All About Loan Interviewers and Clerks
Job Description: Interview loan applicants to elicit information; investigate applicants’ backgrounds and verify references; prepare loan request papers; and forward findings, reports, and documents to appraisal department. Review loan papers to ensure completeness, and complete transactions between loan establishment, borrowers, and sellers upon approval of loan.
Life As a Loan Interviewer or Clerk: What Do They Do?
- Contact credit bureaus, employers, and other sources to check applicants’ credit and personal references.
- Answer questions and advise customers regarding loans and transactions.
- Schedule and conduct closings of mortgage transactions.
- Establish credit limits and grant extensions of credit on overdue accounts.
- Accept payment on accounts.
- Order property insurance or mortgage insurance policies to ensure protection against loss on mortgaged property.
Skills Needed to be a Loan Interviewer or Clerk
Below is a list of the skills most Loan Interviewers and Clerks say are important on the job.
Active Listening: Giving full attention to what other people are saying, taking time to understand the points being made, asking questions as appropriate, and not interrupting at inappropriate times.
Speaking: Talking to others to convey information effectively.
Reading Comprehension: Understanding written sentences and paragraphs in work related documents.
Critical Thinking: Using logic and reasoning to identify the strengths and weaknesses of alternative solutions, conclusions or approaches to problems.
Writing: Communicating effectively in writing as appropriate for the needs of the audience.
Complex Problem Solving: Identifying complex problems and reviewing related information to develop and evaluate options and implement solutions.
Other Loan Interviewer or Clerk Job Titles
- Loan Interviewer
- Mortgage Processing Clerk
- Loan Closer
- Loan Originator
Job Demand for Loan Interviewers and Clerks
In 2016, there was an estimated number of 229,800 jobs in the United States for Loan Interviewer or Clerk. New jobs are being produced at a rate of 12.4% which is above the national average. The Bureau of Labor Statistics predicts 28,400 new jobs for Loan Interviewer or Clerk by 2026. The BLS estimates 25,700 yearly job openings in this field.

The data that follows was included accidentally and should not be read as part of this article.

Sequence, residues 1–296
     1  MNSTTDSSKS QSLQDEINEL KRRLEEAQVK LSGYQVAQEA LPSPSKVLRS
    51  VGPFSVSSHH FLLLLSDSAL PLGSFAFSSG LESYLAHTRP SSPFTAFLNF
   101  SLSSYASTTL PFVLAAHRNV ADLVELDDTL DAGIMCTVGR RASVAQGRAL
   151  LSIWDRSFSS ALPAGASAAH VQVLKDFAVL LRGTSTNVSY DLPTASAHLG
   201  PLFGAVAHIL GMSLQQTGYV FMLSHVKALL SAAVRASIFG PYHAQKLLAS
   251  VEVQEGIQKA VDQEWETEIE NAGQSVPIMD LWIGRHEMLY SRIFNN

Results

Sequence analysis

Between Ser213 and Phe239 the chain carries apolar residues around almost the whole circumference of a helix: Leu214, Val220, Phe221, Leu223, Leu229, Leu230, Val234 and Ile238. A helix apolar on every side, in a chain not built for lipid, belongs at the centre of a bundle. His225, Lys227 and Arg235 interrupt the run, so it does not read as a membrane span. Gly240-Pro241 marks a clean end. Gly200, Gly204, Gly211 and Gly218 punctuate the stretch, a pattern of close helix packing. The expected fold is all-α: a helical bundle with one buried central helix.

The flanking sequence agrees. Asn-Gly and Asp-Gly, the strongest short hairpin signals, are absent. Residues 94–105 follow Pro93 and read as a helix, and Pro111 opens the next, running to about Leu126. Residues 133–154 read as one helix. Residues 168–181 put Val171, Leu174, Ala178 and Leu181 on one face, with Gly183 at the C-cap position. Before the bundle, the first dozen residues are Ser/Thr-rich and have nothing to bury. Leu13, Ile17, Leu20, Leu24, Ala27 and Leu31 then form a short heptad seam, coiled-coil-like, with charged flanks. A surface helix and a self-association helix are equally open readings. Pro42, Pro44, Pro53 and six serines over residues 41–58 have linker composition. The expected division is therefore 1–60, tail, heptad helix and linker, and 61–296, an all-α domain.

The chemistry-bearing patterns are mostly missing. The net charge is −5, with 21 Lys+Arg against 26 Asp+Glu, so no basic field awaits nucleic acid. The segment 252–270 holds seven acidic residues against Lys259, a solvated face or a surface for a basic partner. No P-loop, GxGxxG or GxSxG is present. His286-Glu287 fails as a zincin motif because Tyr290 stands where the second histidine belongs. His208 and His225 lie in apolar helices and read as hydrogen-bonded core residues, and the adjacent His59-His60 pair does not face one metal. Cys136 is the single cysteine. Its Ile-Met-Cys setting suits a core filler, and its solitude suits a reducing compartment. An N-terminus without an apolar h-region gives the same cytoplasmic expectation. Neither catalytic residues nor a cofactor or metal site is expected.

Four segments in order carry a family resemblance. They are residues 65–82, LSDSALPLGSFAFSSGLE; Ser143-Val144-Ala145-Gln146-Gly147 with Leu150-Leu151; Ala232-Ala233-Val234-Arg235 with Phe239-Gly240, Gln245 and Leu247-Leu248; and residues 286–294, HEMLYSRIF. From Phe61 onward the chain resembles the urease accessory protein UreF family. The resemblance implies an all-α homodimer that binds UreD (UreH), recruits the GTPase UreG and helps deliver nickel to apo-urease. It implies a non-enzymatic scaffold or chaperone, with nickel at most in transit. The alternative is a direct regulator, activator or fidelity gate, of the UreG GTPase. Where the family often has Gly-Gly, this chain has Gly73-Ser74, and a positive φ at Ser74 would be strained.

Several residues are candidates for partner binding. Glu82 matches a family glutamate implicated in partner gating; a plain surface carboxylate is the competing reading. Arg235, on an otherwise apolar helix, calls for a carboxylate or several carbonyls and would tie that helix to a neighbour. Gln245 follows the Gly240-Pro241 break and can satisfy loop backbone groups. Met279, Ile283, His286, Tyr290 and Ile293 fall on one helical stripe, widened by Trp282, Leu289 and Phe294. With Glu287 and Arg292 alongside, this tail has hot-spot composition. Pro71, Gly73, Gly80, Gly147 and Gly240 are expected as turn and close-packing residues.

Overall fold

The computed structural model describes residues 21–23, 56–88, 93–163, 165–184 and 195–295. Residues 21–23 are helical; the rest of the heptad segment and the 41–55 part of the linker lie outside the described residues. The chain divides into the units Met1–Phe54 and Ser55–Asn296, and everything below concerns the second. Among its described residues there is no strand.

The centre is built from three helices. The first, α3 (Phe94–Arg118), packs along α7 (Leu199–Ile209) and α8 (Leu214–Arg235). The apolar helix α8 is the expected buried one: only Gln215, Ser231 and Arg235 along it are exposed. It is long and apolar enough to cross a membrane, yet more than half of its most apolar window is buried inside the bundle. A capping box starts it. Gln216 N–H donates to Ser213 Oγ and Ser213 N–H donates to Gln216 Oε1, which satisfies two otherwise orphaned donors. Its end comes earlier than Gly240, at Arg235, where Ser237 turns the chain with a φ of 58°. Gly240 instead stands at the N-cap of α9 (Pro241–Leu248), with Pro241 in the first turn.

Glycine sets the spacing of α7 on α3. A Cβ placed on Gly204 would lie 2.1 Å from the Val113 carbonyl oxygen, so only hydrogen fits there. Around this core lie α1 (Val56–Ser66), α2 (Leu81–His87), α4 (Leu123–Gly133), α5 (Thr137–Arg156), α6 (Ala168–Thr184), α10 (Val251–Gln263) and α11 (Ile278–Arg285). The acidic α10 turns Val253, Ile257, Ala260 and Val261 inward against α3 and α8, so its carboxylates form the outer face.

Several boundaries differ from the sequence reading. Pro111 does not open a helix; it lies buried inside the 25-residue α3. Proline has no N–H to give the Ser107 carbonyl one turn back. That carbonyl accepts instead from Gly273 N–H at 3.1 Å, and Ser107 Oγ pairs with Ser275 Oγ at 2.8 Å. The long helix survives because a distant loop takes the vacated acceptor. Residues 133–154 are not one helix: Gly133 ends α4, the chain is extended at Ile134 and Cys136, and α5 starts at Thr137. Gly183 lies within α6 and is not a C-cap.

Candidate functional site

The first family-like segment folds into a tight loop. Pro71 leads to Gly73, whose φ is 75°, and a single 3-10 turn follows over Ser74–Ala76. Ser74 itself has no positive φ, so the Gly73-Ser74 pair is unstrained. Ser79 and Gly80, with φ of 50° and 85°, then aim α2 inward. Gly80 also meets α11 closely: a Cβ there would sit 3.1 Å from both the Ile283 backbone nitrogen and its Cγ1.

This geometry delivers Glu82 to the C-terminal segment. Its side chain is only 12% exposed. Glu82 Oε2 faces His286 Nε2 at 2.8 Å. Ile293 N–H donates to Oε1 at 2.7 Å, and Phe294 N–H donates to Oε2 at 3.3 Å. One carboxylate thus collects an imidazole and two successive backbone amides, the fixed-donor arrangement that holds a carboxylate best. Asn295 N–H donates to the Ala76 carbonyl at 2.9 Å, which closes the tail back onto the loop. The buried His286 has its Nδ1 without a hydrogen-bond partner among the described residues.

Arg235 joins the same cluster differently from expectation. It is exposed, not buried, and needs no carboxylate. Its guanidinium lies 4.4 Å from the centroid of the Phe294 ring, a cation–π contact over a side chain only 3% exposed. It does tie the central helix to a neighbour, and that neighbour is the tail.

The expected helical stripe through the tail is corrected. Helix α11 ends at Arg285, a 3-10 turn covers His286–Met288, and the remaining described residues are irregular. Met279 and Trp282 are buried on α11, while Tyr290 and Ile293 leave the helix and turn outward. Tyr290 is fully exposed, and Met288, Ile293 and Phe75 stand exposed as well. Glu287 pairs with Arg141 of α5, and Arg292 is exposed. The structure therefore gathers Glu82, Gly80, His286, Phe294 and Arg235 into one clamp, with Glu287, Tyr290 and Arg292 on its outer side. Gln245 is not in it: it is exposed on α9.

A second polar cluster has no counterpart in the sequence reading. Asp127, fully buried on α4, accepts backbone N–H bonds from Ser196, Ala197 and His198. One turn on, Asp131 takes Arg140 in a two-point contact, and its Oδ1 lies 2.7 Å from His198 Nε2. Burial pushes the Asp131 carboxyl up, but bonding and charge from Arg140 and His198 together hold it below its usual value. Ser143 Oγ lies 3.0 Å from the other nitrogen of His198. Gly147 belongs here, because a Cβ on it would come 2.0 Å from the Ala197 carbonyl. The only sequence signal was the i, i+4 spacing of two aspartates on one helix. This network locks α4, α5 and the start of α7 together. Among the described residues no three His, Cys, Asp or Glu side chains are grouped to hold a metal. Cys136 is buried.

The states with the most job growth for Loan Interviewer or Clerk are Utah, Arizona, and Iowa. Watch out if you plan on working in Alaska, West Virginia, or Vermont. These states have the worst job growth for this type of profession.
Loan Interviewer or Clerk Salary
The typical yearly salary for Loan Interviewers and Clerks is somewhere between $25,600 and $59,710.
Loan Interviewers and Clerks who work in District of Columbia, Connecticut, or Colorado, make the highest salaries.
How much do Loan Interviewers and Clerks make in different U.S. states?
|State||Annual Mean Salary|
|District of Columbia||$55,320|
What Tools do Loan Interviewers and Clerks Use?
Although they’re not necessarily needed for all jobs, the following technologies are used by many Loan Interviewers and Clerks:
- Microsoft Excel
- Microsoft Word
- Microsoft Office
- Microsoft PowerPoint
- Microsoft Outlook
- Web browser software
- Microsoft Dynamics
- Desktop publishing software
How to Become a Loan Interviewer or Clerk
What education is needed to be a Loan Interviewer or Clerk?
What work experience do I need to become a Loan Interviewer or Clerk?
Where Loan Interviewers and Clerks Work
The table below shows the approximate number of Loan Interviewers and Clerks employed by various industries.
Other Jobs You May be Interested In
Those thinking about becoming a Loan Interviewer or Clerk might also be interested in the following careers:
Are you already one of the many Loan Interviewer or Clerk in the United States? If you’re thinking about changing careers, these fields are worth exploring:
- Eligibility Interviewers, Government Programs
- Credit Analysts
- Claims Examiners, Property and Casualty Insurance
- Procurement Clerks
Image Credit: Dave Dugdale via Creative Commons Attribution-Share Alike 2.0 Generic
More about our data sources and methodologies.
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